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The Follow Me Show: Episode 2

How to Negotiate the Offer as a 

Buyer's Agent

 
 

Learn how to negotiate the offer for your client as a buyer's agent. We discuss the difference between negotiating the sale in a buyer's market and a seller's market, and how to get your offer chosen above all others. 

***DISCLAIMER: In this episode, the clause referred to as the "kickout" clause is what is known as an "escalation" clause, a powerful negotiation tool used during the offer process to provide an upper hand for your buyer in a multiple offer situation. ***

As a buyer's agent, your job is two-fold. On one hand, you must know the market trends, have solid partners in financing, and a basic understanding of the physical characteristics of the homes you're selling. On the other hand, having your finger on the pulse of your niche, building relationships with fellow real estate professionals and the psychology of sales is just as crucial.

In order to know how to negotiate an offer, first you must understand what type of market you're in and how it affects the purchase power of your homebuyers.  Some key guidelines will help you with negotiations going forward.

 

Rule #1 - Know your market. There are 2 types of markets that you will typically deal with in real estate. A certain type of market will require an understanding of inventory, or amount of homes currently on the market for sale, the price points of the inventory, and the types of buyers currently in the market to buy. There is a Sellers Market and a Buyers Market. The current market will determine the type of negotiating you will have to do as a buyer's agent. First, we will be going over the negotiations and processes involved in a Buyers Market.

  • Buyer's Market - Simply put, there is more supply, and less demand.

  • Benefit to the Buyer - You may be able to  a home for undervalue at a cheaper price

  • Time of Year - In Florida, a Buyer's Market happens typically during the winter time. It tends to start directly following School and continues till about spring break.

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  • Supply & Demand - In a sellers market, the buyer still drives the demand, as with the buyer's market. But the sellers have the upper hand. 
  •  when school is out, families and individuals are more likely to take vacation.. With Florida being one of the trendiest tourist spots in the world, many people knock out two birds with one stone by visiting The Sunshine state and seek our their new homes. Simply put, there is more demand.

  • Benefit to the Seller - You may be able to  a home for undervalue at a cheaper price

  • Time of Year - In Florida, a Seller's Market happens typically during the Summertime. From April-late August.
  • Trends - Prices rise, less homes selling. Price points from $150k-$250k will go faster and have have more multiple offers.

So can you still negotiate in a Seller's Market? Yes. Sellers tend to sell their homes on the summertime because they can sell fast. It has more to do with speed over price, but the market absolutely has an effect on the price. Sellers don't necessarily get more for their home since the loan will still need to appraise on any financed home. However, savvy buyers and buyers agents know that in order to play ball, you'll need to put some skin in the game and are more willing to come out of pocket and pay the difference of the loan when needed. That's when negotiations come into play.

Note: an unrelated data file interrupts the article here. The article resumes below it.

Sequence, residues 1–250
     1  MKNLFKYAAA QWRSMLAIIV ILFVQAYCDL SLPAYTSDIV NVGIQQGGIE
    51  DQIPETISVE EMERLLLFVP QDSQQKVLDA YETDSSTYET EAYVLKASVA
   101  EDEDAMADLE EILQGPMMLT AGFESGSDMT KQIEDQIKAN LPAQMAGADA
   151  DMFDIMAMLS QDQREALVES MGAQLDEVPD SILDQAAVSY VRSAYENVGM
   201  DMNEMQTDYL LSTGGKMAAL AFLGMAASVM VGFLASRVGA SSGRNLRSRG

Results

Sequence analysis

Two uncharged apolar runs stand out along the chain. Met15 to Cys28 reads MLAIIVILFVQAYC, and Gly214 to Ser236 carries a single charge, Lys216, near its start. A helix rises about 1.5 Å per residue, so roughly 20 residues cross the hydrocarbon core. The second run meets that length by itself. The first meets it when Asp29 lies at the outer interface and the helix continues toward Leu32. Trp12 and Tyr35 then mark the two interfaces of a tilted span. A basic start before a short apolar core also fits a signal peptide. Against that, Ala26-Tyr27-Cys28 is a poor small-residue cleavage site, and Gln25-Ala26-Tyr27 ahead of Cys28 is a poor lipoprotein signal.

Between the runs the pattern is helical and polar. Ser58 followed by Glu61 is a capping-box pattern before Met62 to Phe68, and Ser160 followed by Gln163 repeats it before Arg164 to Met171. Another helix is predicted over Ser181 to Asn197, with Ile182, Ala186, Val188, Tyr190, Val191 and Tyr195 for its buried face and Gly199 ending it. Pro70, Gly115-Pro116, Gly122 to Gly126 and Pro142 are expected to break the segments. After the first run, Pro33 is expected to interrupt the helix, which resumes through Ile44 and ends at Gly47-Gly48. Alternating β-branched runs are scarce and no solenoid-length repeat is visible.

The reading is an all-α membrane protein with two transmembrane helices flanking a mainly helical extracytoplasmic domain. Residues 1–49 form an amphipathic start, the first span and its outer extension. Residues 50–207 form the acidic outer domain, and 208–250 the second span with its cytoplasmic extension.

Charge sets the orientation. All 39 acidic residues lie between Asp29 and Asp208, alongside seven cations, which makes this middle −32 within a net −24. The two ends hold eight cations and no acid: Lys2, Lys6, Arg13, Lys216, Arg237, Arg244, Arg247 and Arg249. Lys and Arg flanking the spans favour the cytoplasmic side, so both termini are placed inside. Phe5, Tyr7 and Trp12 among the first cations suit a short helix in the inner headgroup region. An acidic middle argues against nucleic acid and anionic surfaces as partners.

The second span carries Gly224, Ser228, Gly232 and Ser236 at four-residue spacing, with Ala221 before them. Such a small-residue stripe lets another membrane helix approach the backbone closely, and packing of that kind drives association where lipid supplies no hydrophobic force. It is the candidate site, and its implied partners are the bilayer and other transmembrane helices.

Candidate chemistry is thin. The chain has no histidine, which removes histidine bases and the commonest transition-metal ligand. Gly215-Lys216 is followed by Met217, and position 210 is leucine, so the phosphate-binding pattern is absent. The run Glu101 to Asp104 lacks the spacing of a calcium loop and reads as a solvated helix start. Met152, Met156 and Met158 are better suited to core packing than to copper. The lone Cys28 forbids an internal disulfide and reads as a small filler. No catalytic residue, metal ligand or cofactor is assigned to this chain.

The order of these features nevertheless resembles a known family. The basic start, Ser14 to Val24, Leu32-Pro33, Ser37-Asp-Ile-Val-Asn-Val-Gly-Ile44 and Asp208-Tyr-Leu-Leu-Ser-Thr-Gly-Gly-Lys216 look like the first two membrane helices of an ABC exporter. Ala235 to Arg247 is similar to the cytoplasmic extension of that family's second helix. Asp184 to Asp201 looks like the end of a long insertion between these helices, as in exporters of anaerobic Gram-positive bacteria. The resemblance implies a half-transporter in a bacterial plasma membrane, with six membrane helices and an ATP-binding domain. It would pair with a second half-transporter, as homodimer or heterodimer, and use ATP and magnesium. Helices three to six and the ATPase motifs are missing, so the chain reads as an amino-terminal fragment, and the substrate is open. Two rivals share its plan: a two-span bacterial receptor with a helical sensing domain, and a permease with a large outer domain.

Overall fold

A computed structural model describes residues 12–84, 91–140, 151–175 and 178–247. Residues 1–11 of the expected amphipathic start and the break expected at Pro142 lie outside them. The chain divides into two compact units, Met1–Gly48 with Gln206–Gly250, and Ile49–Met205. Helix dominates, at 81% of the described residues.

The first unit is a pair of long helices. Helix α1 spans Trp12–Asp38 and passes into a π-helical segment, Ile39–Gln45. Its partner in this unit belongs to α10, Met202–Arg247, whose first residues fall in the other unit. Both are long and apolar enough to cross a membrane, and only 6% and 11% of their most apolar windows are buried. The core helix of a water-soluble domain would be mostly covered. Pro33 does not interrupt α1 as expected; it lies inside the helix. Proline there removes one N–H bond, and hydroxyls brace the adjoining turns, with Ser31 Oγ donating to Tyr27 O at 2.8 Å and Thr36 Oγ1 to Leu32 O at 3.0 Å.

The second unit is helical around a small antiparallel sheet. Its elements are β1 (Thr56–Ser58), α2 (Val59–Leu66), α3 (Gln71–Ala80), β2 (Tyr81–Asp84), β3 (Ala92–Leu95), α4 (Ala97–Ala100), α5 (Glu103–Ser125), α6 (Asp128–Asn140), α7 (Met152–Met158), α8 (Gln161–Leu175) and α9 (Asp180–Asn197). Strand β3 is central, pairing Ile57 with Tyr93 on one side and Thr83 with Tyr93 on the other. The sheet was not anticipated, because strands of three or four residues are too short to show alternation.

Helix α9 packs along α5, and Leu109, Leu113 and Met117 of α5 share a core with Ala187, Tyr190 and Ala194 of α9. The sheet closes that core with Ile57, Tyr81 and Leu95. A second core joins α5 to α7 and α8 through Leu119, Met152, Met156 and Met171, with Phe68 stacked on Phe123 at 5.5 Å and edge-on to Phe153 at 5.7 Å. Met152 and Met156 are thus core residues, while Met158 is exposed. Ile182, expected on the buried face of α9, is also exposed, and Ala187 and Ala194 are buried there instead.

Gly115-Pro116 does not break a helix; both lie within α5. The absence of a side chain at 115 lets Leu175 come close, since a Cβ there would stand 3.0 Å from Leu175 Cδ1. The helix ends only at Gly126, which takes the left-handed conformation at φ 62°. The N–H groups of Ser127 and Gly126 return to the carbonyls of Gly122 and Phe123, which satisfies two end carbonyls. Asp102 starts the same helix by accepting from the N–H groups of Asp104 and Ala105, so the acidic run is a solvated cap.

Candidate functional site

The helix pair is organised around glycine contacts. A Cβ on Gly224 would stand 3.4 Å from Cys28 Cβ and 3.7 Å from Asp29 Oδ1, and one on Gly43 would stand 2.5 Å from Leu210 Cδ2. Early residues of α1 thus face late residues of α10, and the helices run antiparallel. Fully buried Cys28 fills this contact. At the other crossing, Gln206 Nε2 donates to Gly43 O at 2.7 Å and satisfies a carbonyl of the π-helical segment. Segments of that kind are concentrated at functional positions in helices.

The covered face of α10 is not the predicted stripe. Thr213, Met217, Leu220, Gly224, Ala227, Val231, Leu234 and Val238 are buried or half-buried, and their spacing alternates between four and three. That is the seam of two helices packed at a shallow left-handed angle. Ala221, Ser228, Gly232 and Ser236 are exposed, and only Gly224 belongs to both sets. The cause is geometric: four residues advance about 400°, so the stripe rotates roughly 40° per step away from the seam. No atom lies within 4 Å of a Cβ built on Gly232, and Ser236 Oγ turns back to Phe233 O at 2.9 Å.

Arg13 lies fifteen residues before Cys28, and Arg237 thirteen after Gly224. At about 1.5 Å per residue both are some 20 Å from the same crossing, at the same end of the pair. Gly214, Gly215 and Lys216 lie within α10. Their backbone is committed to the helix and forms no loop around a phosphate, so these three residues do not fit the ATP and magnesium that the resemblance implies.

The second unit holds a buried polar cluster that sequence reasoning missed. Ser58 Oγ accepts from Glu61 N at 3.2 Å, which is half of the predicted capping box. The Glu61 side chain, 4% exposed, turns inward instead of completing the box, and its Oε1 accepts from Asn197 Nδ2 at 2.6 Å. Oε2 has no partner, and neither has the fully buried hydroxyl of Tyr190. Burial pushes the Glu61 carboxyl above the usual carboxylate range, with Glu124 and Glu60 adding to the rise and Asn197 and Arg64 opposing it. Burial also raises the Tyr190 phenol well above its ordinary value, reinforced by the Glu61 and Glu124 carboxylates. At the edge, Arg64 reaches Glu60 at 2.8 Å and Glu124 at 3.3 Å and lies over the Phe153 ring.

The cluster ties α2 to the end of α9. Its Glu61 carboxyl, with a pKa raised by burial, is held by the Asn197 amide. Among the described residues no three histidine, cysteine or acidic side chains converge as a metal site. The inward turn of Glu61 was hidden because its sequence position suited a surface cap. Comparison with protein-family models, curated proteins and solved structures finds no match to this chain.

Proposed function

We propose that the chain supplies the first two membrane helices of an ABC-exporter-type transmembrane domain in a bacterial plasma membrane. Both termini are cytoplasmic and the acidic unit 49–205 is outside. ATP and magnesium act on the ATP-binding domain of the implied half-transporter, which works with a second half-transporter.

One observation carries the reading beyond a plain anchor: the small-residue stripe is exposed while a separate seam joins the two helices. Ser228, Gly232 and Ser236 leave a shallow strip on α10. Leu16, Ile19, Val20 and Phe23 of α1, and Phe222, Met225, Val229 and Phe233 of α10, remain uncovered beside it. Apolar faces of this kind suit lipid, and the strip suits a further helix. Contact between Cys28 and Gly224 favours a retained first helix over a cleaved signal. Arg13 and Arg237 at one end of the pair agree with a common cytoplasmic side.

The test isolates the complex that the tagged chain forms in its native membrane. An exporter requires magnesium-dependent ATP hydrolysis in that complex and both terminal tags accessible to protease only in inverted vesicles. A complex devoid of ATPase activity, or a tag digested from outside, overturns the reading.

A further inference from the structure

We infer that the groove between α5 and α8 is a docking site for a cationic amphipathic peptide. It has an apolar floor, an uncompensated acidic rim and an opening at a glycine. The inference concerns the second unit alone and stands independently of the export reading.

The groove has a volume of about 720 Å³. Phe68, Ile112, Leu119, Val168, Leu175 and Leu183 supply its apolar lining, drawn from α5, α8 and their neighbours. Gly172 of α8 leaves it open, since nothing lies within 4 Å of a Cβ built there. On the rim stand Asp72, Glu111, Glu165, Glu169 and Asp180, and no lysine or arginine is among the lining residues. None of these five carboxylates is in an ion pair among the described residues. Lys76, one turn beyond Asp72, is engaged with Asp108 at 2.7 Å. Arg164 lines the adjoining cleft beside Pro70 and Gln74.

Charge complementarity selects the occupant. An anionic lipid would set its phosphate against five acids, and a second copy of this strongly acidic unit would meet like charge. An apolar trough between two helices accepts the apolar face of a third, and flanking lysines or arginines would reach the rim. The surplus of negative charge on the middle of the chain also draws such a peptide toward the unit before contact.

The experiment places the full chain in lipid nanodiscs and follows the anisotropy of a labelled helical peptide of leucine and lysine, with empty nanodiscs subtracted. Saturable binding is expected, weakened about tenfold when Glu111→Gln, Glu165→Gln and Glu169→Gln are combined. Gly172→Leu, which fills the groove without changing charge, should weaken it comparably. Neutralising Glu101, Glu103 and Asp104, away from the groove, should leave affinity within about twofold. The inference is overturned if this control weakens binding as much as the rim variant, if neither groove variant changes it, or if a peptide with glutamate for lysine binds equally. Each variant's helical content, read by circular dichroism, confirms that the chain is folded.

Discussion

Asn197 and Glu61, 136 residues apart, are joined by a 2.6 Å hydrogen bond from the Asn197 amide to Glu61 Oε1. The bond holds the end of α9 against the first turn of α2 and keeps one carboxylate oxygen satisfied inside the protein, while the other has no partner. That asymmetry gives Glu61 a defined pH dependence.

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Rule #2 - Before showing, scour the MLS for anything that will tell you as much about the home as possible. A common misconception that listing agents have sometimes is that the market will sell the home. But having the details of the listing may give you the upper hand for your homebuyers.

Is it listed for 62+ days at $250k, a reduced price a month ago once, when all the other comps in the neighborhood are listed at $20k less and it's the second week of July? Then you know that it was overpriced before the Sellers Market came into full swing.  That gives you potential room to negotiate a lower price, or possibly even closing costs. 

Rule #3 - Give a little to get a lot. It helps to have frequent communication with agents as you sell consistently in a given area. When your buyers choose a home, get friendly with the agent. They will want to know how much your clients love the home. If it's not enough to make an offer, the listing agent doesn't want to waste time giving information in vain. So let them know that your clients are ready to submit an offer (if they do) and want to know what the sellers ideal situation is. 

Be honest with the agent. Putting the information in their hands quickly is also putting the ball in their court for the sellers to start negotiating with the clients. 

These three rules are will prep you to submit an attractive offer for both the sellers and the buyers, and get your clients the home they live in no time. Trust me, if you use these rules for negotiating, you will be the super hero for your current and future homebuyers. Be great. 

 

Listen to the podcast below for a full breakdown of how to negotiate as a buyer's agent.  

 
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